This book is about self-organization, which is closely related to emergentcomputation. Self-organization involves simple processes that lead to complexresults, and the whole being greater than the sum of its parts. As Stephen Wolfram(1994) said, It is possible to make things of great complexity out of things thatare very simple. There is no conservation of simplicity.
It is about complex adaptive systems, a term that describes nonlinear systems com-prising the interaction of numerous adaptive elements, or entities. The concepts ofself-organization and complexity are related, as we discuss later.
This book is not an exhaustive treatise on all permutations and variations of com-putational intelligence and its constituent methodologies. If you want an exhaustivediscussion of artificial neural network paradigms, for instance, youll need to turn toanother book. We present only those paradigms we believe provide the most usefultools for someone solving practical problems.
It is not a compendium of mathematical derivations and proofs. We present onlythose few we believe are essential to gaining a working-level understanding of howand why the computational tools work.
This book is not about agents. Most of our computational intelligence tools donot qualify as agents because they lack the required autonomy and specialization.They can, however, be incorporated into intelligent agents and agent systems.
It is not about life. We nip around the edges of artificial life in a few places, butwe dont address the question What is alive? (We do, however, share some pre-liminary thoughts on that subject.) We also do not address the search for artificialintelligence (whatever that is) or even for a computational intelligence tool fromwhich intelligent behavior will emerge. Our focus is on solving problems.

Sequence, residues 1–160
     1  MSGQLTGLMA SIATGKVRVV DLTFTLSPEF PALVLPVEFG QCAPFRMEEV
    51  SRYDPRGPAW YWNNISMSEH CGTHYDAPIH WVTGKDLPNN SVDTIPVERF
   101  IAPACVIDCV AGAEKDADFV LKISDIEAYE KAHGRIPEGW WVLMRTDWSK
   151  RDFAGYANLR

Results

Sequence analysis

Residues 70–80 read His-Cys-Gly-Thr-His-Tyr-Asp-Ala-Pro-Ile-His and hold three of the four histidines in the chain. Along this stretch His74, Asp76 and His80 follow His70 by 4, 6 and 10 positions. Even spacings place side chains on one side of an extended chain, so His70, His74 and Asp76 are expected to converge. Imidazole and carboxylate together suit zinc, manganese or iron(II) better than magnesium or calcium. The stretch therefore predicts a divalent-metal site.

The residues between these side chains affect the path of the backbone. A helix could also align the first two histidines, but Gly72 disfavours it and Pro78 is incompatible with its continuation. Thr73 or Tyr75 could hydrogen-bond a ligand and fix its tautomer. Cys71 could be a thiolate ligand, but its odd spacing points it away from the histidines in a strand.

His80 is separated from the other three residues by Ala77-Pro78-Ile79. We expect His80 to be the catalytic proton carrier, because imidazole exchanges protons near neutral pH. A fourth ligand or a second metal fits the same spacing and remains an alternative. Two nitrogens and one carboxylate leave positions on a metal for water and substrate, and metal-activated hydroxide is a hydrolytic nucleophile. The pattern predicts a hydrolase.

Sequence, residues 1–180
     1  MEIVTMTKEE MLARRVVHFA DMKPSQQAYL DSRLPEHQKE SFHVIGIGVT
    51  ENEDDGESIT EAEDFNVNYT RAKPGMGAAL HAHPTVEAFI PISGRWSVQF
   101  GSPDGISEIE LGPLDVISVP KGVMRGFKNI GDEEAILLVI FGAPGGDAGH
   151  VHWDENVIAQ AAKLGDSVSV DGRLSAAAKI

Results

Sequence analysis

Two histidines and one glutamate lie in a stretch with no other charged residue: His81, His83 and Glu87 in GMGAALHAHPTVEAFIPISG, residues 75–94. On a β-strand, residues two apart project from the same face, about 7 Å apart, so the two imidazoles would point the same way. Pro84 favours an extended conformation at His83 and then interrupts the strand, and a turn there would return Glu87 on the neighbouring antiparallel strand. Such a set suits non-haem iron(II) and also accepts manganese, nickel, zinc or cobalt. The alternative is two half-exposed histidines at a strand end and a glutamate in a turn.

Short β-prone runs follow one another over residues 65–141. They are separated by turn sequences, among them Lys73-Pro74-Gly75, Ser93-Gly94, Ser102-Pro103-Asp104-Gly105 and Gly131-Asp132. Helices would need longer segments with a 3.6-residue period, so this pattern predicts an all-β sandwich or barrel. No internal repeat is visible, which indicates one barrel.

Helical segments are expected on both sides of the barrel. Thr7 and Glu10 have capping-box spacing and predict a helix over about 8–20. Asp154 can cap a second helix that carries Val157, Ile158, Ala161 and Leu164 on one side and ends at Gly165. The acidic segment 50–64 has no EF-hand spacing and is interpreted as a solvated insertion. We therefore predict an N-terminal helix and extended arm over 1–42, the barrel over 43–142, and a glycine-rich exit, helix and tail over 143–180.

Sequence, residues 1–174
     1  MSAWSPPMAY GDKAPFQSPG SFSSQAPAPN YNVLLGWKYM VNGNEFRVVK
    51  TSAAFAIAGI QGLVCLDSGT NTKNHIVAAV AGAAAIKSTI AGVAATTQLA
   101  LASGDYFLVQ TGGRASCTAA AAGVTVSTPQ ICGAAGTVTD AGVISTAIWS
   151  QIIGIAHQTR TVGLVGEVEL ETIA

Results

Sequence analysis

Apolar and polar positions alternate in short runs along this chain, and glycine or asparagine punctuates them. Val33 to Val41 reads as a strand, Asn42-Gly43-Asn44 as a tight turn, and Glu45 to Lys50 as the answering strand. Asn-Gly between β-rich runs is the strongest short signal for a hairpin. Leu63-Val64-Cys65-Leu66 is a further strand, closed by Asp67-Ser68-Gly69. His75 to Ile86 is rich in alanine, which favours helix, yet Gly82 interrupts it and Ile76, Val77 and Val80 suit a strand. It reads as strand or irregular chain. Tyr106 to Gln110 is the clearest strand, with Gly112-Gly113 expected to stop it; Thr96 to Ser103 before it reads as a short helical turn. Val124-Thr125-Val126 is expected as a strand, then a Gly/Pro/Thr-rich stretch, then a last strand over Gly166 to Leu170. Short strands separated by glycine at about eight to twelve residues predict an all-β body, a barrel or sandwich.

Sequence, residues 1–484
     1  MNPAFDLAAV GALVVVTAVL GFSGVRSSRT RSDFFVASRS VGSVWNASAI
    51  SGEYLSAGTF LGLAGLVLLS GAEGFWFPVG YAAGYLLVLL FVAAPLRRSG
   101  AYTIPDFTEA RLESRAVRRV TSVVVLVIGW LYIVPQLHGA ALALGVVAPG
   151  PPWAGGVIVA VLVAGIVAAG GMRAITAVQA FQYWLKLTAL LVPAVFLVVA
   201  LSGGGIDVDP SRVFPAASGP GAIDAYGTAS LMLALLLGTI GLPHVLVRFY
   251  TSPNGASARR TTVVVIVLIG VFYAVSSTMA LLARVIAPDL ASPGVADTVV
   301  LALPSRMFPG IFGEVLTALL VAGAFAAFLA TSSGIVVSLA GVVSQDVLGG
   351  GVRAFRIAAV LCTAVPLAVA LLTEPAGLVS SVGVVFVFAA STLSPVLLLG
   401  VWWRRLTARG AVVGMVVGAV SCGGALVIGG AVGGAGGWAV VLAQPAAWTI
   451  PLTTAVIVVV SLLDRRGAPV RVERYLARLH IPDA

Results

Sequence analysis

Throughout the text, additional aspects of our approach and philosophy shouldbecome evident, perhaps a little bit at a time. First, when considering computa-tional intelligence tools and systems, traditional distinctions between hardware andsoftware get a bit blurred; distinctions between data and program are often almostnonexistent. Second, our emphasis is on problem solving and applications ratherthan physiological, biological, or behavioral plausibility. We do not pay too muchattention to whether the CI tools reflect what actually goes on in the brain or anyother part of a biological organism. Third, we believe that the activities of a com-putational intelligence application developer and user are often somewhat differentfrom those in other technical areas.
Developing computational intelligence applications requires the developer toplay two roles. The first is the hands-on active design, develop, test, and debug rolethat is fairly common in other technical areas. The second, as important as the first,is a more passive observation and analytical thinking role. Results from a compu-tational intelligence tool are often not what was expected. Most of the time, if thedeveloper takes the time to observe and think, rather than bash to fit and paint tomatch, something very useful can be learned.
Web Site Details
The authors web site for this book is http://www.computelligence.org/issue/CICI/CICI.html. (There is a link to this site from the publishers web site.) Software imple-mentations are written for the Windows and/or Java environment, and executableversions of software described in the implementation chapters are located and main-tained on the web site. Included as part of each implementation are the ancillaryfilesa run file and a data fileneeded to run the implementation. In addition, out-put (results) files, obtained by the authors using the executable and ancillary files,are provided. You may want to rename these output files, or move them to anotherdirectory, so that you can compare your results with those of the authors.